SHERIDAN — When a student wrote a racially-charged comment on a white board in Braylee Armajo’s dorm in 2017, some people told her to just erase it.
“That’s not the point,” she said. “We’ve been erasing it for how long? It’s time to actually fix something here.”
Armajo is the president of the Native American Club at Sheridan College.
A packed room of students and faculty celebrated the grand opening of the new campus Multicultural Center at Sheridan College Wednesday.
There has been substantial movement toward celebrating diversity in Sheridan, said Joseph Aguirre, TRIO program director and director of the Center.
Aguirre hopes students will use the Center as a place to foster and share political, social, spiritual and cultural growth.
Armajo said finding a sense of belonging is an important part of the college experience. The Center and the Native American Club helped Armajo and other students perform better in school, she said.
The Center is intended to be a safe space to gather and grow a sense of community and inclusion, Aguirre said. The incident in 2017 shook the campus and the community.
“[It] highlighted how much we need a safe space for students to gather who come from underrepresented backgrounds,” he said.
There is still work to be done, but Aguirre said he hopes this initiative will help change poor habits and encourage diversity and inclusion in Sheridan.
Leah Barrett said the idea for the Center first came about three-and-a-half years ago when she came to campus as the vice president for student affairs. It took time to find the space and funding to develop it into a functional Center.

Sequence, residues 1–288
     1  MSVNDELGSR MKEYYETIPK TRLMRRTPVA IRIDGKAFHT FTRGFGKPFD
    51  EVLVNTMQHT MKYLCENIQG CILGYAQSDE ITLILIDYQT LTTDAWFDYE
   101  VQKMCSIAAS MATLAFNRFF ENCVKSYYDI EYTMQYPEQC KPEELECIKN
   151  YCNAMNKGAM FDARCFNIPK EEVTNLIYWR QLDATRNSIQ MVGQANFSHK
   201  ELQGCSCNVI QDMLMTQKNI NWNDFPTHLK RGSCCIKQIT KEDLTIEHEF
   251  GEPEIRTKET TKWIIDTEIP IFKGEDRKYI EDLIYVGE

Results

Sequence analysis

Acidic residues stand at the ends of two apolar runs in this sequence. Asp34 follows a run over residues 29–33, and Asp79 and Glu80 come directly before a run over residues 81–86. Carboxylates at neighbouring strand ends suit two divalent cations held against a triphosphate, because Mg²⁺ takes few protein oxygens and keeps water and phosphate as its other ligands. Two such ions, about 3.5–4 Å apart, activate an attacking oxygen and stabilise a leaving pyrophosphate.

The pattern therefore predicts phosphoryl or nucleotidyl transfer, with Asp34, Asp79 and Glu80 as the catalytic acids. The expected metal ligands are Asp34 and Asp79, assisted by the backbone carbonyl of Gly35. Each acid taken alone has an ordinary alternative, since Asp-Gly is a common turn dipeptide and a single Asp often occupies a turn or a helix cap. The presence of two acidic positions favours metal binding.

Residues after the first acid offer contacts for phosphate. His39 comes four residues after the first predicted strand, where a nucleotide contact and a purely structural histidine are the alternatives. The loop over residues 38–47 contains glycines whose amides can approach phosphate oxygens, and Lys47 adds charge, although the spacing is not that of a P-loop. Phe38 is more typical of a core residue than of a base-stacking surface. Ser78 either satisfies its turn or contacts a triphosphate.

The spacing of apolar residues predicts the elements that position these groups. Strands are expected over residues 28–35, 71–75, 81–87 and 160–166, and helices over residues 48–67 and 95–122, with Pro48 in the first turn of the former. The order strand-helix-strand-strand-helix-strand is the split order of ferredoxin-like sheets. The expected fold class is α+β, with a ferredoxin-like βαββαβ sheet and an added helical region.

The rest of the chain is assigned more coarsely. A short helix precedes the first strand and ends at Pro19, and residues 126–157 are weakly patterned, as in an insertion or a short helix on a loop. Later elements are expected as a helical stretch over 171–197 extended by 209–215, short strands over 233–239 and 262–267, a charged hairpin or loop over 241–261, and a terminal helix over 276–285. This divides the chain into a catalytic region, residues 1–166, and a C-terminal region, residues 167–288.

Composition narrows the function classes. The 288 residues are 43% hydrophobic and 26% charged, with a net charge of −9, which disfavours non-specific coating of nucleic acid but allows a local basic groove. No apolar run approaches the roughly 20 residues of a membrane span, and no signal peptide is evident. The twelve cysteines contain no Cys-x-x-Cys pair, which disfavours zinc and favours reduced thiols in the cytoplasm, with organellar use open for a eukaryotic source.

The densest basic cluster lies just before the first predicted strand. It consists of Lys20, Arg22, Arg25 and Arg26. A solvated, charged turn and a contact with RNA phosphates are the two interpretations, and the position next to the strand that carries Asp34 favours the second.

Armajo said there was a big push to get the center up and running after the 2017 incident.
Athletes and artists have their places to gather on campus, but many minority students haven’t had that space until now, Armajo said.
Sara Heuck Sinclair, dean of instruction and academic services, said the Center represents an important partnership between academics and student life, providing opportunities for students to learn outside the classroom and their dorms.
“I think we’re putting our money where our mouth is,” Heuck Sinclair said. “We’re creating a space for all students who identify as ‘other’ to come and share their life experiences, their culture, their backgrounds…I think it’s us saying ‘we believe in this.’ We believe that diversity makes us stronger.”
After moving from Atlanta, Georgia, student Tehn Ehsahni Forte said they hope the Center will provide a comfortable space for minority students to come together and celebrate events in a small, mostly white town.
Forte said they hope by providing a place for students to feel safe and heard, academic performance and quality of life will increase.
“This Center is supposed to be a place where all cultures can come in here and use this facility,” professor Jonni Joyce said. “If we can give that sense of family, then these students are going to do better in school…they’re going to be more successful and they’re going to enjoy their college experience more.”
The Center became an official site for programming when visiting professor Donovin Sprague came to Sheridan College this semester, Joyce said.
After the racial incident, there was overwhelming community and campus support for Native American students, Joyce said.
The College was determined to show that racist behavior was not acceptable or indicative of Sheridan College culture and the Center demonstrates that commitment, Joyce said.
The Center will be hosting speakers and events throughout November for Native American Heritage Month.